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The Law and Blended Families

Posted On: September 17, 2014

Blending families is always a challenge, but it is one that most agree is worth it. When families change and parents find new partners with which to share their life, it affects everyone involved. Children must adjust, relationships with former partners might change, and legal issues arise. The social, psychological, and economic challenges are enough to make anyone feel stress, but a little planning and support go a long way. Ultimately, your goal as a blended family is to protect your children, your new partner, and his or her children, and to blend your new family as seamlessly as possible.

What should you know about the legal issues blended families might encounter?

Your Children
One day your children will be entitled to an inheritance from you. Ensuring the assets you want them to have transfer without any legal challenges takes a bit of planning. It is important to speak to an attorney familiar with estate planning, so he or she can help you create a will that addresses these issues. In most cases, your partner or spouse becomes the beneficiary of a significant portion if not all of your estate by default, so if you would like to determine the distribution of your estate, you must take action to ensure this occurs.

Your New Partner
Most couples in blended families tend to combine their wealth. Assets obtained after marriage are in the names of both spouses and partners are listed as beneficiaries on retirement plans and life insurance policies. Keep in mind if you die before changing your beneficiaries and/or without having made specific arrangements regarding changes to your estate; your new spouse and your children could find they are accidentally disinherited. Further you could have a circumstance that your assets pass to your spouse and upon his or her death, those assets could pass to his or her children or even his or her new spouse, if there is a future marriage after you are gone. Chances are you want your new partner to inherit a portion of your estate and you want to protect him or her as much as your children. However, once your family is blended, it is very important you address specific issues concerning your estate. Assets will not automatically funnel to your children as they would if you were married to their mother or father.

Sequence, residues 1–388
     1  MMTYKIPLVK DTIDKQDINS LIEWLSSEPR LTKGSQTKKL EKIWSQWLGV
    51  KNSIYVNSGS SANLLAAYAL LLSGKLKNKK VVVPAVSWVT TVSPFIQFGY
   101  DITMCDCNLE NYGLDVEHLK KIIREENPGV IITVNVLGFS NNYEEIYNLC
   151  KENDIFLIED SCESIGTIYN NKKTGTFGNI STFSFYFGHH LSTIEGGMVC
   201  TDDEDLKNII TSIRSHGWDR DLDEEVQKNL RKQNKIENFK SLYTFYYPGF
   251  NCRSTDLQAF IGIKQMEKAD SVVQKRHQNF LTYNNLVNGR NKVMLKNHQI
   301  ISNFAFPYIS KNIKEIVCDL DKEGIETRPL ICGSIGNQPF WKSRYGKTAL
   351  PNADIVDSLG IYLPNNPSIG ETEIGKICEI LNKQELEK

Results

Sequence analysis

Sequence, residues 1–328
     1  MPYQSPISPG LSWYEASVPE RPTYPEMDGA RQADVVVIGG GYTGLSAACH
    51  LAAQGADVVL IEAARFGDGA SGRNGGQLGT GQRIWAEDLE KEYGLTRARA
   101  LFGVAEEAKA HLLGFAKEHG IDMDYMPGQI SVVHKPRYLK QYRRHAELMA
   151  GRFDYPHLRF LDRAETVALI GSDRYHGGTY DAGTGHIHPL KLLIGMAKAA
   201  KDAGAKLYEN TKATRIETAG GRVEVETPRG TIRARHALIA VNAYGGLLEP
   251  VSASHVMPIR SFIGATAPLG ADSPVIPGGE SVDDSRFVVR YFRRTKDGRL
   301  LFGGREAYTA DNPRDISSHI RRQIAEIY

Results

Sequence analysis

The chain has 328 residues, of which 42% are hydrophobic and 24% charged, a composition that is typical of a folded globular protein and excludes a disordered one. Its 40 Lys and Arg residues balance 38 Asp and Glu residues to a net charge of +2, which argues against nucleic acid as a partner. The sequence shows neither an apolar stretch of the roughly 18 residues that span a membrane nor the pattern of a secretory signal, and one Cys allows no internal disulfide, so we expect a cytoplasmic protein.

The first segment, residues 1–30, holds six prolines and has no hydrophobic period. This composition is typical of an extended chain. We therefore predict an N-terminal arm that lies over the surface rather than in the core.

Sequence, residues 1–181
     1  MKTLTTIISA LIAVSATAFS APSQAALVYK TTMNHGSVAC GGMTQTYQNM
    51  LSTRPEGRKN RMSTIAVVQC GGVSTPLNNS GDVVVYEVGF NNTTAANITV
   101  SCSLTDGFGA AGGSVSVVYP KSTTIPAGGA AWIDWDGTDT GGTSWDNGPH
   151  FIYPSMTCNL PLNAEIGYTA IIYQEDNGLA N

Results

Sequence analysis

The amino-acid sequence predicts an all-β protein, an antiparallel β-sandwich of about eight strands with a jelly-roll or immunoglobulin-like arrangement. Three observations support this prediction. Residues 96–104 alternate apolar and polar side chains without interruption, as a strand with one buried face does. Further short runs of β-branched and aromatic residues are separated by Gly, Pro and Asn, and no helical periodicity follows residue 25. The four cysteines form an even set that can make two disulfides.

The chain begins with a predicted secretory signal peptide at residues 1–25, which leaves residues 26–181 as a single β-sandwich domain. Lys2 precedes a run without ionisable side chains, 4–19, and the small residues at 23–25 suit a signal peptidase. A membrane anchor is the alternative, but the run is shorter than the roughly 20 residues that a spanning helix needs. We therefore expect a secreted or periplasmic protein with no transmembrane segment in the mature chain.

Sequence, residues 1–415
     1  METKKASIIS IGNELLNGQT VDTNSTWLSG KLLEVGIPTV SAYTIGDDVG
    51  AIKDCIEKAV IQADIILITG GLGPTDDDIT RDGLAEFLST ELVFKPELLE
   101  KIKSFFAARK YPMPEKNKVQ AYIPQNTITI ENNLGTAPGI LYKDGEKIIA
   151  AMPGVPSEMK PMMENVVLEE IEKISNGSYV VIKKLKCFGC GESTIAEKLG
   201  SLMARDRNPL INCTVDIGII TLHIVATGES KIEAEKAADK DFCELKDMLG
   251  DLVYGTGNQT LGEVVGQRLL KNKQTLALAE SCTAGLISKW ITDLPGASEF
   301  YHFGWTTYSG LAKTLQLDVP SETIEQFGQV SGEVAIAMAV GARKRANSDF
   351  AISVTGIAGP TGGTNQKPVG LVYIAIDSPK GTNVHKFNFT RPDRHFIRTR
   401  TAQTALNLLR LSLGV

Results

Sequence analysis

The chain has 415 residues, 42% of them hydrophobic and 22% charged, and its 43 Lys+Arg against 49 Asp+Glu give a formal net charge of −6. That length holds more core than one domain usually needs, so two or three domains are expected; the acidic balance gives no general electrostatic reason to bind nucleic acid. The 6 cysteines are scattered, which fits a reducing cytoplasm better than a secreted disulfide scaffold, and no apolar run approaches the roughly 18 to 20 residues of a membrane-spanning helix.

Other Issues to Consider
In addition to updating your Will and beneficiaries on various items when your family blends, you will also want to consider a few other important factors. Both you and your new partner should discuss financial goals and make decisions about spending, investing, and saving. Establishing mutual financial goals is a great way to plan for the future and commit to the practical, financial aspect of your new relationship. Take his or her priorities into account when planning. If you both have children, create a fair plan that reiterates you are both ready and willing to provide for and protect your new family.

According to statistics from the US Census Bureau about one third of all marriages include at least one partner who was previously married. This means he or she might bring assets, retirement funds, and children to the new relationship.

If your relationships have led to a complicated family tree, take time to plan your estate and work with a professional who understands the complexities of a blended family.

If you need help in this area or have questions feel free contact attorney SPIRIO at 631-277-8844